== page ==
The large marches ― in Washington, DC and around the country ― calling attention to the importance of science and focusing on the calamitous impacts of climate change had impressive turnouts. But the protests would have been more productive if they concentrated more, in their slogans and signs, on 535 politicians to whom we have given immense power to influence policies relating to those issues, for ill or for good.
I’m speaking of Congress.
Congress cannot be ignored or neglected simply because we know it to be a corporate Congress, or a gridlocked Congress, or a Congress that is so collectively delinquent, or perk and PAC addicted, or beholden to commercial interests, or self-serving through gerrymandered electoral districts where they, through their party’s controlled state government, pick the voters to elect them.
Sure, there are probably 100 good legislators on Capitol Hill. But many of these progressive elected officials fail to effectively network with citizen groups, or organize left-right coalitions back home into an unstoppable political force. Issues that invite such left/right consensus are numerous, including raising the federal minimum wage, protecting civil liberties, tackling government waste and corruption, advancing solar energy, reforming the corporate tax system, full Medicare for all (with free choice of doctor and hospital) and a crackdown on corporate crime and abuses against consumers, workers and communities. Polls show big majorities behind these and other much-needed redirections and reforms.
All these improvements in the lives of all Americans have to go through Congress. Sure, some efforts can be partially achieved by self-help and state/local governments. But for a national, comprehensive change movement, it is the Congress, which must be effectively and forcefully instructed to act in the public interest.
Groups like the NRA and AIPAC focus, with laser-beam precision, on each member of Congress.
The big business lobbies haven’t given up on Congress, have they? They’re swarming over the senators and representatives to get the power we’ve given these lawmakers regularly deployed on the behalf of the crassest, most avaricious and harmful demands of the business bosses.
The most successful “citizen lobbies” focused on Congress do not bother with major marches and demonstrations. Groups like the NRA and AIPAC focus, with laser-beam precision, on each member of Congress. They know their background, their strengths and weaknesses, their key advisors and friends back home, their physicians, their lawyers and accountants, the social clubs they belong to, the kinds of hobbies and vacations they pursue. The NRA and AIPAC advocates personally know the lawmakers’ staff, sources of their campaign contributions, their concerns about possible primary challengers, what kinds of well-paying positions members of Congress seek after retirement or defeat.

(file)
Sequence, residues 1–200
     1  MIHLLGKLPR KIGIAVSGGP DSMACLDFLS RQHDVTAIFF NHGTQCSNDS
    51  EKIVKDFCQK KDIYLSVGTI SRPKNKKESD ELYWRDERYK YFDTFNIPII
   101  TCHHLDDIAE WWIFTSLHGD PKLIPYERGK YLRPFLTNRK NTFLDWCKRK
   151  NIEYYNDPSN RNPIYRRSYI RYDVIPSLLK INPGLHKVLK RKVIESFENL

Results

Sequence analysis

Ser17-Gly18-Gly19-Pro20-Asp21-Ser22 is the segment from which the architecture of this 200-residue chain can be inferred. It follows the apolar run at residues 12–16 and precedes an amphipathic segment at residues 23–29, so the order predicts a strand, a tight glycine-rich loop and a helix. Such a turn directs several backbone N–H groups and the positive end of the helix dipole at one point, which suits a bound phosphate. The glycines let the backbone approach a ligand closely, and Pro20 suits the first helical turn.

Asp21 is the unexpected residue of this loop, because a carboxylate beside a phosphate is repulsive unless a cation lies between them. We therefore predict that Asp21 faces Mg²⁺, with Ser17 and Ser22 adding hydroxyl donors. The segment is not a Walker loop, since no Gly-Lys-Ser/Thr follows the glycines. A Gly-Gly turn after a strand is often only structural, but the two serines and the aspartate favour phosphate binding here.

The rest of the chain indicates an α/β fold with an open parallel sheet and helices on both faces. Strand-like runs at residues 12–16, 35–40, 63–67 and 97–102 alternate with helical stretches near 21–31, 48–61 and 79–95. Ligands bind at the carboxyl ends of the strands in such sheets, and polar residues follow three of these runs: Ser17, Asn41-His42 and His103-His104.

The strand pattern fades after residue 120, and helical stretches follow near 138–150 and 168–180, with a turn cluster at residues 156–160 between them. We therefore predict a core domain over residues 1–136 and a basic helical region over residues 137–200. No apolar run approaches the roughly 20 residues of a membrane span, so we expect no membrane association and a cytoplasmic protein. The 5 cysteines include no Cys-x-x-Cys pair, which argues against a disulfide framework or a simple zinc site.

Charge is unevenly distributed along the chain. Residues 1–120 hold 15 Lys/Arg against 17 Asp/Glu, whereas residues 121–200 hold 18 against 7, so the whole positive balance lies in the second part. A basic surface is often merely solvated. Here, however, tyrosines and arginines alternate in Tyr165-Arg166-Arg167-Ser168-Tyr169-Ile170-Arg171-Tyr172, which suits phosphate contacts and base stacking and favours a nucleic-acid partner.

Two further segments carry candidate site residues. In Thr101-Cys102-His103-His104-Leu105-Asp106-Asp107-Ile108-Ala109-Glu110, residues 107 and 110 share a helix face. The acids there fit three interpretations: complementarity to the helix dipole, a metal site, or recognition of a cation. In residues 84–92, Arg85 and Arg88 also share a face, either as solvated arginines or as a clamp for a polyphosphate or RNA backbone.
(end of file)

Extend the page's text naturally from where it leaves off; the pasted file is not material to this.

With this face-to-face lobbying, threats of primary challenges and ample campaign contributions, these groups have gotten their way in Congress to an amazing degree, given their relatively small numbers of supporters.
Here is some advice: Get to know your two senators and congressperson personally and on your terms. It’s easier to do this with a comprehensive agenda of long-overdue reforms which can give you broad-based left/right support in your state. Then issue a formal Summons (a draft is in my new paperback, Breaking Through Power: It’s Easier Than We Think) for your senators and representatives to attend YOUR town meeting on YOUR agenda of changes and advances.
Every Congressional District has about 700,000 men, women, and children. Most districts have community colleges and/or universities. All have the necessary one percent of serious citizens working together to focus majority opinion directly on members of Congress. Often what is required is less than one percent, or say, 2,000 people, working collectively as Congressional Watchdogs for 5 to 10 hours a week and raising enough money for two full-time offices each with two staff.
The fruits of such efforts are numerous and immensely important to our country, our children and their children, not to mention the world.
To expedite and increase the ratios of success, such Congressional Watchdog organizations require study, discussions, and some training sessions with easily available material in bookstores or on the Internet. Just consider how much serious input goes into hobbies by millions of Americans all the time. Consider participating in this very important “civic hobby” achieving a better life for the people with “liberty and justice for all.”
Sign up for my free weekly column, which often elaborates on citizens and their Congress, at Nader.org.